A Lot or a Little?
What you will—and won't—find in this movie.
Andrew faces some challenges, but in the end does what's right. Sydney is a great model of a powerful and compassionate woman.
Sex, Romance & Nudity
In one scene Sydney is dressed only in a robe. She and Andrew have sex on the second date (nothing graphic is shown). Brief kissing, but nothing explicit.
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"F--k" is said once, and "s--t" twice.
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Drinking, Drugs & Smoking
Some drinking, but not to excess.
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Parents Need to Know
Parents need to know that Sydney and Andrew (both unmarried) sleep together on their second date. Andrew's wife died of cancer, leaving him to raise his daughter alone, which may sadden teens who've lost a parent. There's some minimal cursing, and political rival Robert Rumson is quick to accuse Sydney of being a slut on national television. There's a lot of potential for mean-spirited digs in this film, and some of them are taken, but mostly it's an uplifting romantic comedy in which the president learns to stand up for what he believes in rather than sticking to what makes him popular. To stay in the loop on more movies like this, you can sign up for weekly Family Movie Night emails.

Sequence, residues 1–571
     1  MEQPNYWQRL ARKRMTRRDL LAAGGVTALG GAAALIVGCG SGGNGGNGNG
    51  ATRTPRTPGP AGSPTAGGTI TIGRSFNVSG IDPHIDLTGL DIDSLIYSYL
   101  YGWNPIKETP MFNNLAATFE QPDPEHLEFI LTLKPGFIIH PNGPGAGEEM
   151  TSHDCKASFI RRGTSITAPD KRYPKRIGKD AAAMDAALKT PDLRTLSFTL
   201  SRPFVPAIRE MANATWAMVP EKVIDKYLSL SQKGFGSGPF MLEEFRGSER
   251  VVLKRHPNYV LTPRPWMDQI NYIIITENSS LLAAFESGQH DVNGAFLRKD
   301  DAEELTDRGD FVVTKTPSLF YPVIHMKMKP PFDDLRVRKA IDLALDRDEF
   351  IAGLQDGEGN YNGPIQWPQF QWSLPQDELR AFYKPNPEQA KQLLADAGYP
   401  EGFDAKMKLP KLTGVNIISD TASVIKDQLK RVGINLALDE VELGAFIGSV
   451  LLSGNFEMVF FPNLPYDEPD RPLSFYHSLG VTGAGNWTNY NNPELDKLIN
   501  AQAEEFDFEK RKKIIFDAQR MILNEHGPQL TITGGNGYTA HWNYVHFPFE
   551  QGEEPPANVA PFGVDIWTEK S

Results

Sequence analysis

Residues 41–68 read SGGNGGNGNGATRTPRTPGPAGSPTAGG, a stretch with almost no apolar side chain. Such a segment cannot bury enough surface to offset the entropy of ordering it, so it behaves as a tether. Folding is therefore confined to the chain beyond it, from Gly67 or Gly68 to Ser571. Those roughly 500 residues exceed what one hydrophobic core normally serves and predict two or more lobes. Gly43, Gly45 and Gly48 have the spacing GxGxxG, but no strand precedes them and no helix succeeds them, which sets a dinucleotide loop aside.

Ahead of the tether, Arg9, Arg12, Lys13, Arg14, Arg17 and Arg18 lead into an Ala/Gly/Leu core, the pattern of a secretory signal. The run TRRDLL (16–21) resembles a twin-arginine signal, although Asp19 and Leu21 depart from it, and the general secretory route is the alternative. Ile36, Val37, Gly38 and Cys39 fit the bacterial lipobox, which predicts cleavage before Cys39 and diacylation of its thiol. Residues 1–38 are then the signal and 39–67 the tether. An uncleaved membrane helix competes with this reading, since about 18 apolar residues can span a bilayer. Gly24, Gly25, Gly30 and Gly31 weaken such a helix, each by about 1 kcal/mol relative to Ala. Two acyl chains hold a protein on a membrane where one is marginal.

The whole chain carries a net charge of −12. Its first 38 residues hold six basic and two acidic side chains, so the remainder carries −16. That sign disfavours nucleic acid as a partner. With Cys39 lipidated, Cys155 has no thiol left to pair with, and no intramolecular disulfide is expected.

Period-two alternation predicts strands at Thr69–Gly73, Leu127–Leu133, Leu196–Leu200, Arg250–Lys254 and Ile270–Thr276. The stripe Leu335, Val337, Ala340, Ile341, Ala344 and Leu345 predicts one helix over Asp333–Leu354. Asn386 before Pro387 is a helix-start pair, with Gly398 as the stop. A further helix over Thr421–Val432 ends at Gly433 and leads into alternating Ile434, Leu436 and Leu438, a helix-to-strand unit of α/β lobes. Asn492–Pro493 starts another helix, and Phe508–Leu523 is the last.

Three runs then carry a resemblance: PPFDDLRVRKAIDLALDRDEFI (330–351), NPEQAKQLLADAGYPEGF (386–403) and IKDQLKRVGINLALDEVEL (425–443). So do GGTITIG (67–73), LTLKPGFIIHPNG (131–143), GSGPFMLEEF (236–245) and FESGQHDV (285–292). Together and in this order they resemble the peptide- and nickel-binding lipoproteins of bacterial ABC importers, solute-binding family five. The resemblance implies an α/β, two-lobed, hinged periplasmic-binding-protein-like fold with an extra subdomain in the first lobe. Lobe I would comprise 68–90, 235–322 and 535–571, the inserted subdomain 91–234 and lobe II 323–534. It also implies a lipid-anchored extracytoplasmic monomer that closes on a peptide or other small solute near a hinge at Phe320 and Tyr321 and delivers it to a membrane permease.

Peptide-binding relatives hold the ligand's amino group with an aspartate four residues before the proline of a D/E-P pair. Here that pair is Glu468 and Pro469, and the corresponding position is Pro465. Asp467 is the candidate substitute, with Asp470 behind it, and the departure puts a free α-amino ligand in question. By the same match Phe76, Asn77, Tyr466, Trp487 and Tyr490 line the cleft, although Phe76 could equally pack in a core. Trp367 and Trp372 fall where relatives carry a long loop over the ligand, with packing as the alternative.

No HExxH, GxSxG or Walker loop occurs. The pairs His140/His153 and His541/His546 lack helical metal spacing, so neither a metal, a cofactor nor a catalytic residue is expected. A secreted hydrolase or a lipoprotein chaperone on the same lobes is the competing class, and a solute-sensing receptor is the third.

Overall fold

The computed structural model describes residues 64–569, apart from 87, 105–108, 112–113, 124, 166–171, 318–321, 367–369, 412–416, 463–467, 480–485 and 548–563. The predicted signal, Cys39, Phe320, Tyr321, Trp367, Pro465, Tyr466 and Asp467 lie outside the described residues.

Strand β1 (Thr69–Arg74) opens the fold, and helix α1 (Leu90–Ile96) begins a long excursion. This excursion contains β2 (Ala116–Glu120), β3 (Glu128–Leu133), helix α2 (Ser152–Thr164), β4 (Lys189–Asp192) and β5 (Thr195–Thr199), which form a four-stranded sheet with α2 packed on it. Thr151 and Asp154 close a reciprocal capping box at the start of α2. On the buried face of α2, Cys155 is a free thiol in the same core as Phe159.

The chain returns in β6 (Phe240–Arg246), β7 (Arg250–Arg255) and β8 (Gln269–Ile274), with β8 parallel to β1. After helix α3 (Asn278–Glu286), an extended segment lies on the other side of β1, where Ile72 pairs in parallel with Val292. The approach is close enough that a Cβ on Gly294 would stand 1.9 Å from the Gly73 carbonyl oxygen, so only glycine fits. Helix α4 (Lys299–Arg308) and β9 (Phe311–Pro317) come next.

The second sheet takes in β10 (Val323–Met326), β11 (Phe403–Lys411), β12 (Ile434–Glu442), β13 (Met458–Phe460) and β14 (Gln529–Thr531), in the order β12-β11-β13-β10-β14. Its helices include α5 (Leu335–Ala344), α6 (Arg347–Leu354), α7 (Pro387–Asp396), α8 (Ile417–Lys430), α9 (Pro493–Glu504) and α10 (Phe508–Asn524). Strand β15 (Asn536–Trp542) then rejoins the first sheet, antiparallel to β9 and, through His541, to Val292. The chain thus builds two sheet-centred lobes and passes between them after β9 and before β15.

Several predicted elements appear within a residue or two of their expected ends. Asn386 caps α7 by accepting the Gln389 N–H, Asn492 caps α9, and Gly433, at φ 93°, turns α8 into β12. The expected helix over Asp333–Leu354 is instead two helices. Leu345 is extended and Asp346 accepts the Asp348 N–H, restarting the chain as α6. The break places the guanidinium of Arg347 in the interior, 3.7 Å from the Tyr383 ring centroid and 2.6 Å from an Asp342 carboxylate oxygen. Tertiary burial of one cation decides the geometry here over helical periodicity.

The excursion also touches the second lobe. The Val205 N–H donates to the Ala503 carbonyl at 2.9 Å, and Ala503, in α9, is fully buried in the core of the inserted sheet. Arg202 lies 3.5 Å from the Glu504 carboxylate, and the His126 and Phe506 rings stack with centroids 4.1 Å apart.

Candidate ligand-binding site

Is It Any Good?
This is a delightful romantic comedy. Viewers of all ages will likely be able to relate to the president's conflict -- especially when it's resolved with the help of great dialogue from Aaron Sorkin, who went on to write The West Wing.
Romantics will love Andrew's decision and the goofy way the president behaves around Sydney. For girls, Sydney provides a great model of how to be a strong, compassionate, and powerful woman.
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Our Editors Recommend
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